In the book, I talk about how different the #FutureofWork will be. With more work to be done than professionals, it is within the realm of possibility that we will become free agents and freelancers, working on projects that best suit our talents and ambitions, across different companies, industries and even countries. In Free Agent Nation, Daniel Pink referred to this as the “Hollywood model”. I found inspiration from this as I forged into my portfolio career almost two years ago, choosing to do what I love 100% of the time: research, writing, consulting, public speaking, and creative pursuits.
Companies of the future who need knowledge workers and experts will have to figure out how to meet business demands with transient talent. For high turnover workforces such as in the retail and restaurant industries, it is today’s reality. Other industries have their own revolving door jobs, mostly in their hourly staff as well. Not enough is done to manage these work experiences, so companies live with higher volumes of employee relations issues, labor disputes, and constant recruitment/termination cycles. It doesn’t have to be this way. A January 2012 article from Harvard Business Review talks about choosing the virtuous cycle (good results) over the vicious cycle (poor outcomes), and how making these jobs “good” will decrease turnover, increase efficiency, and positively impact customer perceptions. (Source: Why Good Jobs are Good for Retailers) Some exemplary retail shops and restaurants have proven this to be true, though any organization can create their own way of doing this, regardless of industry. Here are a few suggestions on where to start from a Design of Work Experience (DOWE) perspective:
1. Make It a Great Place to COME FROM. Similar to other parts of the organization, collaborate with your employees to design a culture and environment that exemplifies your company’s values and ties work (at all levels) to the achievement of the business strategy. Create an environment where people feel valued, find meaning in their work, and collaborate well with others. Tap into the natural human desire to make a difference and learn new things. Establish ways to track achievement even in the most repetitive jobs. Enable employees to have great relationships at work. In other words, set the conditions for success.
You can also use this workforce to provide key insights on customer experiences, perceptions, and interactions that will improve your business. Word will get out as employees brag about their workplaces to their friends and family, knowing that it is a privilege to be a part of something so cool. The good ones will want to stay or stay longer. Those that move on to their next employers will remain loyal customers for life. Who knows? They might advance their careers and return one day to lead in greater capacities. Ultimately, the good reputation of your company will ensure you will always have enough applicants, plus a strong brand to boot.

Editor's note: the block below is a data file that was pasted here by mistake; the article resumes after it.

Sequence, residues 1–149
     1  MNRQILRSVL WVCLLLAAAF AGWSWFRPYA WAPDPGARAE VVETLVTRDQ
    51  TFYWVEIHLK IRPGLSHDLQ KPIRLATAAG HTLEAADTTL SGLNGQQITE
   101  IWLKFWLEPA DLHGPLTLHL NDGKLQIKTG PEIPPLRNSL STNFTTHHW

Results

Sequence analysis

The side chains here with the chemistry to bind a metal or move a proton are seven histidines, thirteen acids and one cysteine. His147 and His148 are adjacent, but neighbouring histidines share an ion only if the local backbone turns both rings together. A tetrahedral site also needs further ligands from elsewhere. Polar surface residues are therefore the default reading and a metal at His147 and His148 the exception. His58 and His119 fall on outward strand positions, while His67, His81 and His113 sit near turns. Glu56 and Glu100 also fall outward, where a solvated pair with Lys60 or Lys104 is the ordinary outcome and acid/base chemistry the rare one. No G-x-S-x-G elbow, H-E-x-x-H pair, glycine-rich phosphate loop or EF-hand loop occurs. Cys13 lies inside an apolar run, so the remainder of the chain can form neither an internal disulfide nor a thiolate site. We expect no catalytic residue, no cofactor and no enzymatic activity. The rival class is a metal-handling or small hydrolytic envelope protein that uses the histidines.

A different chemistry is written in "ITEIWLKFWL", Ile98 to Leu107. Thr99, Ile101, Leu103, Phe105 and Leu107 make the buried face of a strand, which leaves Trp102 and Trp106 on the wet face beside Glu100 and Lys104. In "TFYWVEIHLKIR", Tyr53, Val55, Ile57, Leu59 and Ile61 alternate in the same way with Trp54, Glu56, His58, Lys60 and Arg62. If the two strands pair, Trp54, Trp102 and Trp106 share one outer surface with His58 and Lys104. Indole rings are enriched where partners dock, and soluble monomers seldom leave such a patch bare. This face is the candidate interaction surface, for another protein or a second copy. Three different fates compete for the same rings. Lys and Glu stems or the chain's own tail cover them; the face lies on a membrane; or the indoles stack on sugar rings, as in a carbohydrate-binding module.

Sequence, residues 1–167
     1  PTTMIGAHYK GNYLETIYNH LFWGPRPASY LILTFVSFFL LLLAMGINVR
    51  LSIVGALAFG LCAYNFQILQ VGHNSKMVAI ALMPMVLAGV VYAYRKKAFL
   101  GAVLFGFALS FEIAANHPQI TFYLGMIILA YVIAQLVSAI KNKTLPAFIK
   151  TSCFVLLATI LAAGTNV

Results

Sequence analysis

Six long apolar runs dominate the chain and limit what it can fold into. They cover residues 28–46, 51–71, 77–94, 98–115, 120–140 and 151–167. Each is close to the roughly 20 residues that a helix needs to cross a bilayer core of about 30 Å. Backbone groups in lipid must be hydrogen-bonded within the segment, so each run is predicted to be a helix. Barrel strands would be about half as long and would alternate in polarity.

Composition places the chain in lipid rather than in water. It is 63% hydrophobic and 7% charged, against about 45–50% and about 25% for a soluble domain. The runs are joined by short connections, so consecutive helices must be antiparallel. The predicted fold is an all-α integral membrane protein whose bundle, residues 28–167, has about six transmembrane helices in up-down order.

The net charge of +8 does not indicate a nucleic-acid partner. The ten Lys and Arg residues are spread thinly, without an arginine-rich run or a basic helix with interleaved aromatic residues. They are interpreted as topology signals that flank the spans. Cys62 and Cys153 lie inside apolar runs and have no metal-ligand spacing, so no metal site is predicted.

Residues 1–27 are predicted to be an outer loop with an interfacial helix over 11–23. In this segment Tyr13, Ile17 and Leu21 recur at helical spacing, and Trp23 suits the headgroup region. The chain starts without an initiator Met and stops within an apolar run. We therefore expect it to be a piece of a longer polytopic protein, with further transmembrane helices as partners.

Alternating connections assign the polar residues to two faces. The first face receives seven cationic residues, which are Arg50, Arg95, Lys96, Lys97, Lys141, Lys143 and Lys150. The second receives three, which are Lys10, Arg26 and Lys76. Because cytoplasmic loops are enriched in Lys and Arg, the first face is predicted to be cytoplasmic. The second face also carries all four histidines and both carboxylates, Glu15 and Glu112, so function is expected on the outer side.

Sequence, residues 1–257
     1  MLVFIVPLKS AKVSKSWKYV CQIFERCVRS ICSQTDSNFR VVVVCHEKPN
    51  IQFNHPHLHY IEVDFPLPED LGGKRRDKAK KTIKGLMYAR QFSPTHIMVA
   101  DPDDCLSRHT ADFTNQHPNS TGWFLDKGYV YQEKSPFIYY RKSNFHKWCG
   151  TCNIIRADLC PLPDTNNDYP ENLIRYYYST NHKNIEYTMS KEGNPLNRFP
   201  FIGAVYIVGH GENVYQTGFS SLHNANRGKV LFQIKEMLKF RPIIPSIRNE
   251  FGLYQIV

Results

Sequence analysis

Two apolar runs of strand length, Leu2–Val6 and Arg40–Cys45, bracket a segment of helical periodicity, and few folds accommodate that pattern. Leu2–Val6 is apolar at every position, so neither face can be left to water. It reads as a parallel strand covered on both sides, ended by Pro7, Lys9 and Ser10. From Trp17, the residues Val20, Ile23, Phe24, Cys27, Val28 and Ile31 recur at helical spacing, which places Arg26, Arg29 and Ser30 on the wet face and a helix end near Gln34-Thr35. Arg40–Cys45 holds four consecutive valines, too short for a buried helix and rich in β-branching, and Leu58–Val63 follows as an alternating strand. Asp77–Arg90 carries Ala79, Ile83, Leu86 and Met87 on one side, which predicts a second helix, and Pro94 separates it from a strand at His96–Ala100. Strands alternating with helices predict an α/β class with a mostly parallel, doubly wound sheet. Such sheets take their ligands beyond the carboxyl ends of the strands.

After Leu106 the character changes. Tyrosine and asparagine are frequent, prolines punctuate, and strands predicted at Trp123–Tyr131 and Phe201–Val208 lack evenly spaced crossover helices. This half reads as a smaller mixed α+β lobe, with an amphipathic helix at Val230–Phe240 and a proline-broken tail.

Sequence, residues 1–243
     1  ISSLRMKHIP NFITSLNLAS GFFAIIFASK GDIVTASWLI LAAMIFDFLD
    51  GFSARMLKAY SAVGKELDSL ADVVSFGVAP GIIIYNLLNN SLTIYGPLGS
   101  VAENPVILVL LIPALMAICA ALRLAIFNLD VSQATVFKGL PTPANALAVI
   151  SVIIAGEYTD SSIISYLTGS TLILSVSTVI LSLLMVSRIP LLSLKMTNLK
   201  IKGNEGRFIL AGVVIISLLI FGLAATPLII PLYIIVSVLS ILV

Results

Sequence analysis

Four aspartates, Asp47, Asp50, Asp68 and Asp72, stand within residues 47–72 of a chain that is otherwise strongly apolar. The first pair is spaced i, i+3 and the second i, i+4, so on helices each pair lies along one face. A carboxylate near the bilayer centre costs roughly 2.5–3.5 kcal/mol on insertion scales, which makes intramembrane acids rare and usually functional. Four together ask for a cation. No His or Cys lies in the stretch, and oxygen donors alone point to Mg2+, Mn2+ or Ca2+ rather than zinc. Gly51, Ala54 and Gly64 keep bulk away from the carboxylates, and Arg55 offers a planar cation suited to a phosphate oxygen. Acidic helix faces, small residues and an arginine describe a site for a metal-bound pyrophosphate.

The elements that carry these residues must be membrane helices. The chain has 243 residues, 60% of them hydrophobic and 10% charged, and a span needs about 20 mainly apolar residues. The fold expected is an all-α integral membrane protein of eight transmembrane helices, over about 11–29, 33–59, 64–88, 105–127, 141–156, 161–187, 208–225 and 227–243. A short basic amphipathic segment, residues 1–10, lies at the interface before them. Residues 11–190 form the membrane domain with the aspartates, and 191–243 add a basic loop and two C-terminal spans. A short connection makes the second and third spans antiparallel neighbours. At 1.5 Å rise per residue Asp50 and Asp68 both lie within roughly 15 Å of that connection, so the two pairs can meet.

2. Invest Efforts in Finding the Right People. No matter what degree of skill is required for the job, you want good people who are aligned with your values, take pride in their work, and are honest and ethical. Design your recruitment experience to weed out those that ultimately won’t work out and select for those that will. The standard interview questions won’t do. Create a recruitment experience unique to your company that engages people, digs beyond the surface, and gives you a chance to observe behavior and capabilities.
3. Be Consistent. Treat standards of performance and conduct for what they are—standards. This takes the guess work out for people because they will know what to expect and where the boundaries are. Don’t settle for “ok” or “good enough”, and don’t let things slide. Doing so would give you a workplace with middle performance at best and a tendency to decline. Too often frustrated employees have complained about those that “get away with” things, raising fairness concerns. Address issues through to resolution quickly, whether it means coaching, providing feedback, or even termination. Your stronger workers will appreciate this, and it minimizes stress for everyone.
These principles will help you determine what works best according to the unique context and complexity of your organization. While these are not easy to do and will require some work, the benefits far outweigh the cost in the long-term. Begin your “virtuous cycle” today, and don’t be afraid to ask for help.